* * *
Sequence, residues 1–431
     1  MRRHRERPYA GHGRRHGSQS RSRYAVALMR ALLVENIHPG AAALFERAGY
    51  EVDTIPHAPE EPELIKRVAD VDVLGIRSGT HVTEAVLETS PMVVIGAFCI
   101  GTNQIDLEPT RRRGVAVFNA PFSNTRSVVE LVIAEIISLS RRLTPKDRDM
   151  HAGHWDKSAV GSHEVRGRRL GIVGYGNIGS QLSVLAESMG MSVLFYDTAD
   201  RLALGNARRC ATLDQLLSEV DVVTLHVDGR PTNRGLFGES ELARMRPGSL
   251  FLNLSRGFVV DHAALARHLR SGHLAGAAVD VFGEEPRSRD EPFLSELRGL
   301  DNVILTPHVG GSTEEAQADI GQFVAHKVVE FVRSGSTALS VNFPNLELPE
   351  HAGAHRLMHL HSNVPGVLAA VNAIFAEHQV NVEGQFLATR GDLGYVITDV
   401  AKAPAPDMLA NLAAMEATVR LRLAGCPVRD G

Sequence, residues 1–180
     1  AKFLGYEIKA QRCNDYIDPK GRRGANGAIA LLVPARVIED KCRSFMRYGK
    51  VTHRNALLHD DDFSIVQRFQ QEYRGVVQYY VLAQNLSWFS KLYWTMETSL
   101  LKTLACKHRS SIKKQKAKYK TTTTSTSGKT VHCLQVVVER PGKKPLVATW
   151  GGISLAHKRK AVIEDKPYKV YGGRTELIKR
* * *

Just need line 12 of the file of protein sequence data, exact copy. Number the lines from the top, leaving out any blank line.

     1  AKFLGYEIKA QRCNDYIDPK GRRGANGAIA LLVPARVIED KCRSFMRYGK